Hatha bayt mennou (Whose house is this?) is a popular traditional game that is usually played by both boys and girls separately. It is a simple game that requires good memory. Children mostly play it at night, sitting in a circle at their home’s sandy yard. The game is usually played in groups of 2-4. The game
starts with one of the players flattening the sand with their palms, then drawing one of the neighbours’ houses, i.e., the components that make up the house, including the walls and main door and where it faces, followed by the rooms and their doors, the kitchen and other features. All of these structures are accurately drawn in terms of the player’s perception of the house.
The figure drawn does not exceed an area of 1 x 1 metre. Once the player has finished drawing, the others are asked to recognise whose house the figure represents, as in the name or family name of the homeowner. Each of the players attempts to recall the name or family name of the homeowner.1 The players rely on the drawings in front of them to make a guess, but sometimes, when it is difficult for them, they may ask for more clarification.
A player might ask if there is a tree by the house or not, and what type of tree it is, if any, or how many trees are by the house. If no one is able to figure out who the owner of the house is, they say tabat, meaning that they do not know who the homeowner is and ask the player to disclose it. He then reveals the homeowner’s name, and the game starts all over again.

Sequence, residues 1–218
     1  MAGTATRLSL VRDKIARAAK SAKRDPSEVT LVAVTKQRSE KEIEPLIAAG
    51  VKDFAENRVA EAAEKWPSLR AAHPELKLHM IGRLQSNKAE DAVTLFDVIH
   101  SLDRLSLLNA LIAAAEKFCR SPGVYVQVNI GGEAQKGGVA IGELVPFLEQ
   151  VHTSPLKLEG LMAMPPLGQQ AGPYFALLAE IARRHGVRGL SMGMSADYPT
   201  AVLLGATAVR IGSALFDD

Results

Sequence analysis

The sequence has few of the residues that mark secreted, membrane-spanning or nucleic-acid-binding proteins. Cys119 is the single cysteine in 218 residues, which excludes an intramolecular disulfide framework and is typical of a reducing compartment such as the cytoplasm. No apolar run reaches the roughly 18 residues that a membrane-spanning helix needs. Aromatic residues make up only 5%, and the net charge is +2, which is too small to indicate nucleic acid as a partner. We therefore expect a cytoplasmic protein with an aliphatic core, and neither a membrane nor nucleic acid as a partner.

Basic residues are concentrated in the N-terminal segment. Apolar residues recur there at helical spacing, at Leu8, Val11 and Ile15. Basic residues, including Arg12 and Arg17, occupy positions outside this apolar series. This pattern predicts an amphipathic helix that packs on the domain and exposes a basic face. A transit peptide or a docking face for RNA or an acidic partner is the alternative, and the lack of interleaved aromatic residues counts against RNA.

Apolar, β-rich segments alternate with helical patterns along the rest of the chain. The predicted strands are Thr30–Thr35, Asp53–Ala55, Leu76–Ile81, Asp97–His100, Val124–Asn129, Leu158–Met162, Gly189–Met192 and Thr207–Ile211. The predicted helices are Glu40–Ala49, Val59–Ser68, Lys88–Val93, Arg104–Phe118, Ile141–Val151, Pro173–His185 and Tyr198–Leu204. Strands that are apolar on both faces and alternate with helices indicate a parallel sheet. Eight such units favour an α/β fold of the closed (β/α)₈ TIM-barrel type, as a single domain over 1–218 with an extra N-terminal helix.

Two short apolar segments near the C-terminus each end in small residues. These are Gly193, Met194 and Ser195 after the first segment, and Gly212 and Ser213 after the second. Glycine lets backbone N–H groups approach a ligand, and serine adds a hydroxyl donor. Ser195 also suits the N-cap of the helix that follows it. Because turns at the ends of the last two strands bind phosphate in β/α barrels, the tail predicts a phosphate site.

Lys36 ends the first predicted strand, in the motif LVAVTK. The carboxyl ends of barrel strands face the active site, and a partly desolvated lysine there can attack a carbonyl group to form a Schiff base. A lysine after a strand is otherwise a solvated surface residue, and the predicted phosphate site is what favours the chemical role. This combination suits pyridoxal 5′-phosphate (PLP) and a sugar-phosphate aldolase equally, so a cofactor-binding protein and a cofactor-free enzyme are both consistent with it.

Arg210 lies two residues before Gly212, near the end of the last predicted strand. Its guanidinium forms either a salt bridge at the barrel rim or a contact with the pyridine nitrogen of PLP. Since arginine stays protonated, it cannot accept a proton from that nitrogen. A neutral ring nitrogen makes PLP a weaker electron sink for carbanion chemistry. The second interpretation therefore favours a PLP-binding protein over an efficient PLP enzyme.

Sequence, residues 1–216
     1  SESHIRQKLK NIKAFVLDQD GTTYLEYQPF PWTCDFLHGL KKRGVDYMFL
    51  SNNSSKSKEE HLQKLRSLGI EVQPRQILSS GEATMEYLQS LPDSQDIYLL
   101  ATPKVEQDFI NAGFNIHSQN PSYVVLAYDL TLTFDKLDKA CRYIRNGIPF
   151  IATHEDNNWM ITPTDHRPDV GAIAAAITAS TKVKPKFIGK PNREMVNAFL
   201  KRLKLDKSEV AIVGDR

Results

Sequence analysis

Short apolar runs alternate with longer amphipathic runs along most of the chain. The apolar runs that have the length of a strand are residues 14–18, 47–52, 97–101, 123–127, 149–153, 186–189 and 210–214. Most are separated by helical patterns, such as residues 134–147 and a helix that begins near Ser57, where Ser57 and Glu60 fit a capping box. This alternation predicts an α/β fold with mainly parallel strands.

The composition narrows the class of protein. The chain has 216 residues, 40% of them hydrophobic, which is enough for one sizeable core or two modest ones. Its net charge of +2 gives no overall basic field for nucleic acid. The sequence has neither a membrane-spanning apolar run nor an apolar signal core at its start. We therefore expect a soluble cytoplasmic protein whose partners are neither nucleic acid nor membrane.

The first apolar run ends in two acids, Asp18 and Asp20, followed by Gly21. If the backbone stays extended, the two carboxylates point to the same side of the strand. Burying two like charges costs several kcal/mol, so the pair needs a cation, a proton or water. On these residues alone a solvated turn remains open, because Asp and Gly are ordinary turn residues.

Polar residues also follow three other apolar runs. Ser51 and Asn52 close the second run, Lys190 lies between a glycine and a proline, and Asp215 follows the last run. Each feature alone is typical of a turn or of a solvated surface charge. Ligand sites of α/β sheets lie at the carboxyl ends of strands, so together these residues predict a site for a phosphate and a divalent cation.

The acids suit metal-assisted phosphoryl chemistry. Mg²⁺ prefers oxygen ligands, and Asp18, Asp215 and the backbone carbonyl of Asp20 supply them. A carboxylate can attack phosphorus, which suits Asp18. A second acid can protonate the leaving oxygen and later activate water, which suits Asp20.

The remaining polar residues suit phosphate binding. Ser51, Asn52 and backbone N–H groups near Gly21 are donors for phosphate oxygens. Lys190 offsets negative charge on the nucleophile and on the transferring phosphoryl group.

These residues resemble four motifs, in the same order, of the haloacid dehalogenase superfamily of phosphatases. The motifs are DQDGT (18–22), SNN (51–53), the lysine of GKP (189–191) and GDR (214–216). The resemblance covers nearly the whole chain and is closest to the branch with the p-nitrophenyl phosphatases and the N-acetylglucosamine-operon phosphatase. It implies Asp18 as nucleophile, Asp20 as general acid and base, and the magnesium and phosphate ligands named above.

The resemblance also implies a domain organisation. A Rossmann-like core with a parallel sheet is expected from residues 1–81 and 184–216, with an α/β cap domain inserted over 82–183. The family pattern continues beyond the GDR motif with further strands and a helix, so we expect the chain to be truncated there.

The player draws another house, and the game continues until they can recognise whose house it is. When a player correctly identifies whose house was drawn, it is their turn to draw and have the others guess. The game is played for hours until everyone agrees that it’s time to finish it. It requires good memory and observational skills, as it requires players to be familiar with the houses of their neighbourhoods, where they often visit and play together.2
The game also requires intelligence, acumen and a strong memory. The children often have to ask about certain details regarding the homes of their neighbourhoods in order to find out whose house it is.